Aug 20, 2020 | No Comments | By Jessica Ader
Congratulations to Sung Hoon Kang, HEMI Fellow and assistant professor in the Department of Mechanical Engineering, on being named a recipient of funding from the Cohen Translational Engineering Fund for a project to develop a 3D-printed medical device that simplifies a complicated surgical procedure.
Established through a generous multi-year gift from the Neil Cohen ’83 and his wife, Sherry, the Cohen Translational Engineering Fund provides up to $200,000 seed funding to support the initial stage of innovation that moves research out of the laboratory, including the development of new WSE patents, and a range of critical needs — from materials and supplies to graduate student stipends and tuition.
Kang’s project titled, “Vaso-Lock: A 3D Printed Coupling Device for Microvascular Anastomosis,” addresses microvascular anastomosis, a highly specialized surgical technique of hand-sewing together blood vessels in plastic and reconstructive surgery. While a common procedure, it requires years of training and practice, and hours to complete in the operating room. Kang, working with a team of vascular and microvascular plastic surgeons, used 3D printing to create Vaso-Lock, which holds together free vascular ends instead of requiring stitches. The stent is made from materials approved by the Food and Drug Administration, and it is biocompatible.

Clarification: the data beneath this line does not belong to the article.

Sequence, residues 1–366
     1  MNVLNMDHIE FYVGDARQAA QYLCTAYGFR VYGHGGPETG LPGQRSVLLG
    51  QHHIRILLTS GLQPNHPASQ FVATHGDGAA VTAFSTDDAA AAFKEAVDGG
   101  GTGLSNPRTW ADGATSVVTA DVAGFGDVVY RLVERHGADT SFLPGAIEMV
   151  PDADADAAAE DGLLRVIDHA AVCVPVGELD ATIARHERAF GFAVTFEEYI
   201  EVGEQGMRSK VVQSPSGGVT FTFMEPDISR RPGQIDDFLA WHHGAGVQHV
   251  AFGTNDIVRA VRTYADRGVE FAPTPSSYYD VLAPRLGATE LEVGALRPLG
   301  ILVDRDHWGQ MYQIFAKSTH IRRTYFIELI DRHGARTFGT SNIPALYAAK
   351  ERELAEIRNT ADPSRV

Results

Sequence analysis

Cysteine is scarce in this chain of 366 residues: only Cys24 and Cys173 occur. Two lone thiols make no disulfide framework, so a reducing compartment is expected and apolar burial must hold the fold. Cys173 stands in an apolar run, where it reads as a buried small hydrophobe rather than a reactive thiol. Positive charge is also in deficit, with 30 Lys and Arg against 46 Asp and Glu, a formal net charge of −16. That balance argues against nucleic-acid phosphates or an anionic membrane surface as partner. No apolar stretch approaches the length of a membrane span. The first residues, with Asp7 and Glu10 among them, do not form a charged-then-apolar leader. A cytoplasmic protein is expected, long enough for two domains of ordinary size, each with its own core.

By simplifying a complex surgical technique, the inventors hope to reduce operative time while allowing for more vessel coupling during the procedure, improve patient outcomes and safety, and make microvascular and vascular anastomosis more globally available.
Kang was one of two faculty members from the Whiting School of Engineering to receive funding this year. Since its inception six years ago, the Cohen fund has granted nearly $1 million for 24 projects. This year, the fund changed its grant cycle to an annual award, raised the maximum application budget to $100,000 and increased the project length to nine months.